6. #6
    PieterB's Avatar
    Join Date
    Aug 2004
    Location
    near Aalter, Belgium
    Shooter
    35mm
    Posts
    809
    Images
    9
    Quote Originally Posted by David A. Goldfarb
    Paterson reels need to be absolutely dry or they won't work. This is part of the reason I prefer stainless, but if plastic works for you otherwise, and you need to develop multiple batches of film occasionally, you might try to pick up some extra reels, so you always have some dry ones.
    No problems with (a bit) wet plastic reels. Just cut the corners so they're not straight.
    "The camera can be the most deadly weapon since the assassin's bullet. Or it can be the lotion of the heart - Norman Parkinson".

  7. #7
    sterioma's Avatar
    Join Date
    Jan 2004
    Location
    Italy
    Shooter
    35mm
    Posts
    259
    Images
    22
    Quote Originally Posted by ann
    At times students have the same problem. What is happening with them is nerves. They are worried that they will not be successful, get nervous and then the hands get damp and the edges of the film react to the dampness and the film jams. The longer one wrestles with the film the less likely the film will go on smoothly.
    Hmm... this is an interesting point, Ann! I might have a "performance anxiety" synthom in my own bathroom
    Actually, my hands might become a bit damp after I get nervous about it... still I wonder why it always happens at the end and never in the middle or at the beginning.


    Quote Originally Posted by ann
    Have you practiced with an old roll in the daylight, then close your eyes and continue to practice until your comfort level rises then go for the real thing?
    Yes I did practice first in daylight and than in the darkness. But the film was a 24 frames only, hence my "theory" about the film being to long (since I might not be cutting enough from the beginning before loading).

  8. #8
    Adrian Twiss's Avatar
    Join Date
    Jan 2004
    Location
    Wigan (oop North) United Kingdom
    Shooter
    Multi Format
    Posts
    612
    Images
    10
    Another possible factor is that it is not unusal to speed up the loading motion as you come to the end of the film. I used to be guilty of this. You should keep an even tempo from start to finish.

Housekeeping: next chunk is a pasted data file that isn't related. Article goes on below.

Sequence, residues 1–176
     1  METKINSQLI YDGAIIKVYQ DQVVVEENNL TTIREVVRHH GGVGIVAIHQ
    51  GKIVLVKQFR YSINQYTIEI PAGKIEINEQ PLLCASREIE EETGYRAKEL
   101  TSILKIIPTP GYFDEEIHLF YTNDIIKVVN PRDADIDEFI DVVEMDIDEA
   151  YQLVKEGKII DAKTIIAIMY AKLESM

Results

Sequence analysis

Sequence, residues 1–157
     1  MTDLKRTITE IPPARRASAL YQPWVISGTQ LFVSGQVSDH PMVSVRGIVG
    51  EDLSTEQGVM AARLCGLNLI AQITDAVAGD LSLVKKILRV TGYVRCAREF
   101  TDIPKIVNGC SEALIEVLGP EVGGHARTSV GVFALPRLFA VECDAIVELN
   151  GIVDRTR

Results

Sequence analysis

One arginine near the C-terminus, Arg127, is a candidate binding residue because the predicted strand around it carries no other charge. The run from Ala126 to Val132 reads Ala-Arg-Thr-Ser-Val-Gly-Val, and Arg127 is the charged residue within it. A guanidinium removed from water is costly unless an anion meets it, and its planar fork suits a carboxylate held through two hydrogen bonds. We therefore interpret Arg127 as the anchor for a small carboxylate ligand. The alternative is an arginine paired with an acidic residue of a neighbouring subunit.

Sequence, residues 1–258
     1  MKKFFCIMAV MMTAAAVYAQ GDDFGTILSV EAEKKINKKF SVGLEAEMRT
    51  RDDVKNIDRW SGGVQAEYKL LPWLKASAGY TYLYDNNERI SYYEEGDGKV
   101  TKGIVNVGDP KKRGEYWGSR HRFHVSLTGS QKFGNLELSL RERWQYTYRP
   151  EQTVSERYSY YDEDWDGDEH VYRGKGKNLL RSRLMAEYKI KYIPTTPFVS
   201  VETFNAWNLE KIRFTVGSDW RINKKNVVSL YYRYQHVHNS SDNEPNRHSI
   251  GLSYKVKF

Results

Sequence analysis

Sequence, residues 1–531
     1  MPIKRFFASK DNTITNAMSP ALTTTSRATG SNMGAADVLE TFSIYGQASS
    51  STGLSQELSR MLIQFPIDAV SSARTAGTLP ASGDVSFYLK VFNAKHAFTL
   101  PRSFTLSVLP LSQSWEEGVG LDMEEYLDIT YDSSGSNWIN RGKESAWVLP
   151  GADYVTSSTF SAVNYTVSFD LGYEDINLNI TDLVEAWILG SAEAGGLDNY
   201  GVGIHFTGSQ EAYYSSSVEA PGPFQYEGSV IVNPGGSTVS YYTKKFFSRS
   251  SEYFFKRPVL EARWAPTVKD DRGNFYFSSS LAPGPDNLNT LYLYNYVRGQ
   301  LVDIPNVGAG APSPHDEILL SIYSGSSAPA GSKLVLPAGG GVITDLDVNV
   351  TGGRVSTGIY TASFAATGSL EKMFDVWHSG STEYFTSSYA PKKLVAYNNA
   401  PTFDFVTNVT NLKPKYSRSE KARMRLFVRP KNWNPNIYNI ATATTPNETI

Adrian

  9. #9
    sparx's Avatar
    Join Date
    Feb 2004
    Location
    Norfolk UK
    Shooter
    Medium Format
    Posts
    376
    I use plastic reels and find i'm more likely to get jams with 36 exposure rolls than with 24. Whether it's because as the film gets to the middle of the reel the spiral gets tighter and creates more friction I don't know. If I do get a jam I just pull the spirals apart slightly, give it lots of little wriggles and that usually sorts it.
    [size=1]the all new darkplanet photoblog[/size][size=1]
    [/size]

  10. #10
    ann
    ann is offline

    Join Date
    Sep 2002
    Shooter
    35mm
    Posts
    2,883
    Images
    26
    It may happen at the end because your hands become more damp the longer it takes to feed the reel.

    The newer Patterson reels can be loaded if "damp". We have tested them vs the older version which could not be loaded if they came near moisture. However, as a beginner you will be more successful if the reel is complelely dry as yours seems to be.

    Also, like many others I have loaded much longer runs of film than 36 with no problems.

    At one time Ilford made 72 exposure rolls, great for sports and motor drives, but very thin and curled like crazy. Needed a special reel and had its own loader, which I could never use, but with some practice , no problem. However, it was short lived as the thinner base played havoc with the commerical processers so it went the way of the Edsel auto.

Page 1 of 4 1234 LastLast


 

APUG PARTNERS EQUALLY FUNDING OUR COMMUNITY:



Contact Us  |  Support Us!  |  Advertise  |  Site Terms  |  Archive  Ś   Search  |  Mobile Device Access  |  RSS  |  Facebook  |  Linkedin